Rheum Round-up: Bimekizumab in Active PsA, Which Surgeries Result in ‘Surprise’ Medical Bills?, and more

Here are the top stories recently covered by DocWire News in the Rheumatology section. In this edition, read about the use of bimekizumab in psoriatic arthritis (PsA), the seven surgeries most associated with “surprise” out-of-network medical bills, the correlation between vitamin D and back pain in postmenopausal women, and the use of a functional brace in Achilles tendon rupture.

The randomized, double-blind BE ACTIVE trial compared bimekizumab versus placebo in patients with active psoriatic arthritis. According to the findings, bimekizumab was associated with significantly improved outcomes and an acceptable safety profile. Final analysis included 206 randomized patients; 42 patients were assigned to placebo, and each active treatment group had 41 patients. Compared to the placebo group, the intervention groups had significantly better American College of Rheumatology response criteria response outcomes at week 12: 16 mg (odds ratio [OR]=4.2; 95% confidence interval [CI], 1.1–15.2; P=0.032), 160 mg (OR=8.1; 95% CI, 2.3–28.7; P=0.0012), and 160 mg (loading dose) (OR=9.7; 95% CI, 2.7–34.4; P=0.0004). Treatment-emergent adverse events (AEs) at the 12-week mark presented in 57% of placebo patients (n= 24) and 41% of patients in all of the bimekizumab groups (n = 68); most of the AEs were mild or moderate. Eight of the nine patients who sustained serious treatment-emergent AEs were in one of the bimekizumab groups. There were no recorded cases of death or inflammatory bowel disease.

One in five patients undergoing one of seven common elective surgeries will be hit with a “surprise” out-of-network medical bill, according to a retrospective analysis. The database represented 347,356 patients who, between Jan. 1, 2012, and Sept. 30, 2017, underwent common surgeries including arthroscopic meniscal repair (n=116,749) and total knee replacement (n=42,313). All surgeries were performed by an in-network surgeon and at an in-network facility. The main outcome was the proportion of care episodes with out-of-network bills, and the secondary outcome was the estimated potential balance bill correlated with out-of-network bills from each procedure. The mean age (SD) age among the patients was 48 (11) years, and two-thirds were female. Of the total study population, 20.5% of episodes (95% CI, 19.4–27.7%) had an out-of-network bill. Procedures with complications, compared to those without, were more likely to result in out-of-network bills (28% vs. 20%; risk difference=7%; 95% CI, 5.8–8.8%; P<0.001). When evaluating surgeries performed at ambulatory surgery centers with in-network primary surgeons (n=83,021), out-of-network facility bills were reported in 6.7% (95% CI, 5.8–7.7%), and out-of-network professional bills in 17.2% (95% CI, 15.7–18.8%).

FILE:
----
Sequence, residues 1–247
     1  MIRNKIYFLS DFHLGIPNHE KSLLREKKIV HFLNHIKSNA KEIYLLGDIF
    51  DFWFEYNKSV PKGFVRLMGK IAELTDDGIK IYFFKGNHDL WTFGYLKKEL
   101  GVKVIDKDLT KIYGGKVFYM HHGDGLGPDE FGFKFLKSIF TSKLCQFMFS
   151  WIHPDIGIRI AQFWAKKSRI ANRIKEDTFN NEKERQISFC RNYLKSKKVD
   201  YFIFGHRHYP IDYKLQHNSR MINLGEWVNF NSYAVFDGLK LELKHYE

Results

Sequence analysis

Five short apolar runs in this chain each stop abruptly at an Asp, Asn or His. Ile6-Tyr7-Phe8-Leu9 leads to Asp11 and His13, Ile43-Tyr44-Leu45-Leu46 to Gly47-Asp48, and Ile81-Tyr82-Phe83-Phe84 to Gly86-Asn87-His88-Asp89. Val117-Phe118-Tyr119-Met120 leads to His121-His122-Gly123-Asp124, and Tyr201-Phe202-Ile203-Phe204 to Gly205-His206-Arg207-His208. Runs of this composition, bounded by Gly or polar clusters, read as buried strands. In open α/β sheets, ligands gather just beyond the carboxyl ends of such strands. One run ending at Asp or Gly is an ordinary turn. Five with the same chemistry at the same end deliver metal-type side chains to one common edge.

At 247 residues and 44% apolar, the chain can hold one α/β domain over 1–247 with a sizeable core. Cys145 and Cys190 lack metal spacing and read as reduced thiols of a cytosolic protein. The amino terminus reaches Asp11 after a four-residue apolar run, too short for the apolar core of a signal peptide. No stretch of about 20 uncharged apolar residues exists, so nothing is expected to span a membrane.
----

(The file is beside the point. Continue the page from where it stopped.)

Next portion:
A retrospective study examined how serum vitamin D concentration affects lumbar disc degeneration (LDD) and low back pain (LBP) in postmenopausal women. The researchers concluded that vitamin D deficiency was correlated with both LDD and LBP in this population. The mean age of the study population was 65.6±10.1 years; mean 25-hydroxyvitamin D (25[OH]D) concentrations were 19.38±9.21 ng/mL. Overall, 12.9% of participants had a severe vitamin D deficiency, and 12.5% had normal vitamin D status. Compared to the other groups, the severe vitamin D deficiency group had higher visual analog scale scores for LBP (P=0.002) and lower bone mineral density T scores (P=0.004). a significant relationship was observed between severe vitamin D deficiency and more severe LDD in the lumbosacral region (L4-S1, L1-S1; P<0.05), but this was not as pronounced in the upper lumbar region. Vitamin D concentration was inversely associated with disc degeneration severity (L2-L3, L4-S1, L1-S1; P<0.05). When adjusting for confounders, the following factors were correlated with higher incidence of moderate-to-severe pain: smoking, vitamin D deficiency, lack of vitamin D supplementation, high body mass index, and low bone mineral density T score.

Serial plaster casts have been the traditional treatment option for Achilles tendon rupture patients because it provides the tendon with maximum protection during the healing process. However, the immobilization over a several-week period could result in increased calf muscle atrophy, ankle joint stiffness, and gait abnormalities, as well as a greater risk for blood clots. Eligible patients were randomized 1:1 to receive either a plaster cast or functional brace for an eight-week intervention. The main outcome measure was patient-reported Achilles tendon rupture score (ATRS) after nine months. Safety was determined through tendon re-rupture incidence. At nine months post-injury, ATRS was similar between the cast (n=244; mean ATRS=74.4) and functional brace (n=259; ATRS=72.8) groups (adjusted mean difference, –1.38; 95% confidence interval [CI], –4.9–2.1; P=0.44). Tendon re-rupture rates were also similar between the plaster cast and functional brace groups (n=17/266 [6%] vs. n=13/274 [5%]; P=0.40), as were mean total health and personal social care costs (£1,181 vs. £1,078; mean between-group difference, –£103; 95% CI, –289–84]).